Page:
5. What a timely post! Rereading Gaudy Night sounds exactly like what I want to be doing right now. I love reading other people gush over Harriet and Peter, I feel like they deserve the attention.

    A claret-colored frock sounds deliciously decadent. It reminds me of how I have wanted a yellow silk gown ever since reading Anne of the Island, when Aunt Jimsie says it would be just like wearing sunshine.

    • Aaa, I can’t believe it took me a month to approve this. I suck, I’m sorry. I was not ignoring you! I am just dumb.

      DUDE. I HAVE GOT a yellow silk dress. My lovely friend got it for me. It’s miles too fancy to wear to any event to which I have so far been invited, but when the correct event occurs, I will be ready. It’s the most gorgeous dress and it IS like wearing sunshine. It is sort of like Kate Hudson’s dress in How to Lose a Guy in 10 Days, except a brighter yellow. Aaaaaa, it’s so pretty.

      …But I still want a claret-colored frock.

      • Ohmygosh, I am so jealous! Kate Hudson’s dress was the best part of that movie. I have spent years looking for the perfect yellow silk dress and have yet to find one that meets my expectations. Claret frocks remind me of Samantha’s taffeta Christmas dress (of American Girl fame). I COVETED that dress.

      • Now that I have the beautiful silky Kate Hudsony dress (absolutely the best part of that movie), I’ve gotten embarrassed about how much I don’t look like Kate Hudson and thus don’t necessarily deserve the dress. :/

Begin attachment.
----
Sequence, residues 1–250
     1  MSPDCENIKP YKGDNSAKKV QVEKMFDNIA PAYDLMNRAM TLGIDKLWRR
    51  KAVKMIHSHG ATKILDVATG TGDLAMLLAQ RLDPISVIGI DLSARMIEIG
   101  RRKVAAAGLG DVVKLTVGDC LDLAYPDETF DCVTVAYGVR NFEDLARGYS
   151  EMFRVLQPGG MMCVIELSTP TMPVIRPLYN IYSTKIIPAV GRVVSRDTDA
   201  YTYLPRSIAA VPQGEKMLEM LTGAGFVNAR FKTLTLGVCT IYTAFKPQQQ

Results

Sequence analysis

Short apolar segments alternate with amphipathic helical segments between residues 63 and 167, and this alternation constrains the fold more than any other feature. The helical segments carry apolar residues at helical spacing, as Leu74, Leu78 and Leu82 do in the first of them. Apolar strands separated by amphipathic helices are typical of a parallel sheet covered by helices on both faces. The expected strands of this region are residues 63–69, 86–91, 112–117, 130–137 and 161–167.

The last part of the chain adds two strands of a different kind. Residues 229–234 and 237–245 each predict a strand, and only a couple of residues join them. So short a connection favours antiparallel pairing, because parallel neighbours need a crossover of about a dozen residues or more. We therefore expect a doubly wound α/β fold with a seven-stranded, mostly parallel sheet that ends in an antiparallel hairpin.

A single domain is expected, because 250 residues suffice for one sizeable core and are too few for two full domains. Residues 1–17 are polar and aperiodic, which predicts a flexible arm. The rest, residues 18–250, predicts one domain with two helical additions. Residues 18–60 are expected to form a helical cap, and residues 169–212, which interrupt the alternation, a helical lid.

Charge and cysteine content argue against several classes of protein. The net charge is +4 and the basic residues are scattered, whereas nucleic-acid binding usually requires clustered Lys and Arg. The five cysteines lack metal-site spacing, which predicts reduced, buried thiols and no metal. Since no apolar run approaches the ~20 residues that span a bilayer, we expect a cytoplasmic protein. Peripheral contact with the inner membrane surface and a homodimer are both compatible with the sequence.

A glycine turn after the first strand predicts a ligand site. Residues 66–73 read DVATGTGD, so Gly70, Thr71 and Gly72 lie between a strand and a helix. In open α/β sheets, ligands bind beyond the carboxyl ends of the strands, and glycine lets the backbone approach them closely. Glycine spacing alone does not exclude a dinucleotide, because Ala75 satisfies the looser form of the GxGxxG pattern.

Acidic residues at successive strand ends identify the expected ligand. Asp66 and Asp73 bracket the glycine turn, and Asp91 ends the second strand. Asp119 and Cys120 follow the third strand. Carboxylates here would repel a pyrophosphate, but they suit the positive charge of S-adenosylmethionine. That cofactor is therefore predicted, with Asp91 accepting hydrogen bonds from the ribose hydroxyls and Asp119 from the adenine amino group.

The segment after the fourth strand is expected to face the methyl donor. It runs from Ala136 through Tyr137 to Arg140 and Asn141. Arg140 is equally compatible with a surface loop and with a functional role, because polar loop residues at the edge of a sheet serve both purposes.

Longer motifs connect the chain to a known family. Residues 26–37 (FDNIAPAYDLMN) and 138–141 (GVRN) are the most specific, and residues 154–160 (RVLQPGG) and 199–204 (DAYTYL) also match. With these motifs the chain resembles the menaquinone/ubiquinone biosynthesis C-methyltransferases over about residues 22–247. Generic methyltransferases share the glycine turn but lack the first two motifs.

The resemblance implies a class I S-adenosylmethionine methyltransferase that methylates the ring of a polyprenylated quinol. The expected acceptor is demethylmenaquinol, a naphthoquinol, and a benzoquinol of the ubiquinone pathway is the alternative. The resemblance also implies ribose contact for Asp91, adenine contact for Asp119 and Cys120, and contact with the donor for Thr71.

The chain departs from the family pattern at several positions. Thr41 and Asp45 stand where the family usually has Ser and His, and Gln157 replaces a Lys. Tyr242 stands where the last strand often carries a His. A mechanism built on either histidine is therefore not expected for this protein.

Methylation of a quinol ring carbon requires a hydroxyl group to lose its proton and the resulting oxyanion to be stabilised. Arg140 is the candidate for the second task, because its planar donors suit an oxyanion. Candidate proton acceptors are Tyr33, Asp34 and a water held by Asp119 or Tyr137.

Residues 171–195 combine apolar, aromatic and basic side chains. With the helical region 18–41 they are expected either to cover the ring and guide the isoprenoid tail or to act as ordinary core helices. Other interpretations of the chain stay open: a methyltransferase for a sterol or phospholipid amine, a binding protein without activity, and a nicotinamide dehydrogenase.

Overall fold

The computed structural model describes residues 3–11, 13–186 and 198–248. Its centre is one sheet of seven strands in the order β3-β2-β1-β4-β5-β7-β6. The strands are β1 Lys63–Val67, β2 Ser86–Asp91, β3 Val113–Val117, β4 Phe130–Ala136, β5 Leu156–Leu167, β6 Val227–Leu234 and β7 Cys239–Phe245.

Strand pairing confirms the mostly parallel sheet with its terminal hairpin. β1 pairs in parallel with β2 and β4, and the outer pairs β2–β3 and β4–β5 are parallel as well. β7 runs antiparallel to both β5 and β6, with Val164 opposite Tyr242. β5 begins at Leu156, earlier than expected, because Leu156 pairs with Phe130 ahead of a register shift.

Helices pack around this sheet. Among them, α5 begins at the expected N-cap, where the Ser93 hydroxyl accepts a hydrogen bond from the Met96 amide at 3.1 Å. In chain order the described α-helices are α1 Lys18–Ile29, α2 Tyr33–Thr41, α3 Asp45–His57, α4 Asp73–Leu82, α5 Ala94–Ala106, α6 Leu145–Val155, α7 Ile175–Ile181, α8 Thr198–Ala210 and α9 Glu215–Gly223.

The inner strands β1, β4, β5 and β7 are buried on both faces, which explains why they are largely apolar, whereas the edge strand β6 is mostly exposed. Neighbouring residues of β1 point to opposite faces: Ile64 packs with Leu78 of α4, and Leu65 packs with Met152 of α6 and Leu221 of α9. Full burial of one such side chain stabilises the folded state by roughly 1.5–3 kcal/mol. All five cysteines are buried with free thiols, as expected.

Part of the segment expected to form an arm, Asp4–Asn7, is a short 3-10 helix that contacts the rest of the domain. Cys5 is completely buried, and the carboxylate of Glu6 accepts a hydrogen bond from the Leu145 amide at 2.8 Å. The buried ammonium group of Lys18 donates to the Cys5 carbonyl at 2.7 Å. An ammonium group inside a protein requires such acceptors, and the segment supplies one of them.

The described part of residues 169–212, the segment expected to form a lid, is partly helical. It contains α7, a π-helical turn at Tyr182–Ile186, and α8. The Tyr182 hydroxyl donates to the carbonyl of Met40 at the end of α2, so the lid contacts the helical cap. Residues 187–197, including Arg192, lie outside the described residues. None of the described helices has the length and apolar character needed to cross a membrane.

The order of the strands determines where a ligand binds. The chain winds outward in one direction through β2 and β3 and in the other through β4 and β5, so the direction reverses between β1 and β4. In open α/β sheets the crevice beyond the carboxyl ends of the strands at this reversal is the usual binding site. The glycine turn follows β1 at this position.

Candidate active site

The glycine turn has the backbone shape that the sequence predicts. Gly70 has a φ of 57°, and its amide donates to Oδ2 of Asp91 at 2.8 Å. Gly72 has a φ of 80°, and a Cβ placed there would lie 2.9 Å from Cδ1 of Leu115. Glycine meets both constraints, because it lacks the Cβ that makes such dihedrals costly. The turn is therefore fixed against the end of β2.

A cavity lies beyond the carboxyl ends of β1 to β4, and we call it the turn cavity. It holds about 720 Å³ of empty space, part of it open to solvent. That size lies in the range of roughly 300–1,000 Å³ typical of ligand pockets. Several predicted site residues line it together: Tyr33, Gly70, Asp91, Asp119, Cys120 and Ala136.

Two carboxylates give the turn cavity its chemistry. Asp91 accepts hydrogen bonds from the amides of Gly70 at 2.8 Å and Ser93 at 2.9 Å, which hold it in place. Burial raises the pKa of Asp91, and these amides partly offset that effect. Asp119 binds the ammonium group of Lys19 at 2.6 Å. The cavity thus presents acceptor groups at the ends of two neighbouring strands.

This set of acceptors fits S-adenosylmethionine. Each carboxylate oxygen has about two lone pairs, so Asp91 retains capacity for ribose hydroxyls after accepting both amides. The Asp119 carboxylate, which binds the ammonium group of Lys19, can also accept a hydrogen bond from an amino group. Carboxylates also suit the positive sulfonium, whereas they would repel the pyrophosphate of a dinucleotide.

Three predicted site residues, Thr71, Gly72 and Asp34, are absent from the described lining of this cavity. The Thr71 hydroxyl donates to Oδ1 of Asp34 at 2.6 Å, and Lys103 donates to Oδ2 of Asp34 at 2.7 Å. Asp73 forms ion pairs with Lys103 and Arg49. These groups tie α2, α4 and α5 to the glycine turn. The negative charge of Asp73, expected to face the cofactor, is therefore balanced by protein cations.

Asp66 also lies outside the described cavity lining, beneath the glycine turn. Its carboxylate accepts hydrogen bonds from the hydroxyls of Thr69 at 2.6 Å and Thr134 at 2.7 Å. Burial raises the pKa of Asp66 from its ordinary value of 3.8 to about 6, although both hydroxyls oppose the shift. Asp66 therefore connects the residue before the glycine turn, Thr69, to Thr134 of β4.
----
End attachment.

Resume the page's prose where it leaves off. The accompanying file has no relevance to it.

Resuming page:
I know what dress you’re talking about! I liked that one but I liked Felicity’s dresses a bit better. A bit, a smidge. I liked both.

  6. Thanks for the gushing review, Jenny! I want to read ‘Have his Carcase’ now! I want to do a Dorothy Sayers reading festival and read all her mysteries from the start to the end 🙂

    • That sounds fun! I’d like to do that too but I don’t own all of them (yet). I want to get a big collection of all the Peter Wimsey short stories, because I don’t think I’ve ever read any of the short stories. Just the novels!

  7. The only Dorothy L Sayers I’ve read is Busman’s Honeymoon, which was a few years ago for bookclub. I wasn’t overimpressed with it, but I’ve heard Strong Poison and Gaudy Night are worth trying – I’ll add this one to the list, too.

    • It’s by far the weakest one of her books I’ve read, if that makes you feel any better about it. Strong Poison, this, and Gaudy Night are by far the best — Busman’s Honeymoon is mainly (in my opinion) good for the fan-service-y Peter and Harriet bits (which aren’t any fun for you if you haven’t read the previous books about them), not for the mystery (which is quite lame).

  8. DUDE. Lord Peter is not that great. I have now read at least two (possibly three?) books that feature him and am completely unimpressed. I do not understand what Harriet Vane would see in him and I just can NOT motivate myself to read more in this series.

    • Oh Aarti! If you had started by reading the books with Harriet Vane you would like him better. I swear that you would. The books that don’t include Harriet Vane aren’t any more a series than the Hercule Poirot books, so you don’t NEED to read those ones in order. Skip them all and read Strong Poison, I swear. Harriet Vane’s liking Peter will make you like him more. And his falling in love with Harriet will make you like him more also.

  9. I first met Harriet Vane via a stage adaptation of STRONG POISON, and there was this dream sequencey bit where Lord Peter fantasizes about Harriet in a claret-coloured frock. It was a lovely bit. It made me want a claret-coloured frock, too. (Not that I didn’t already. I love me some claret-coloured things.)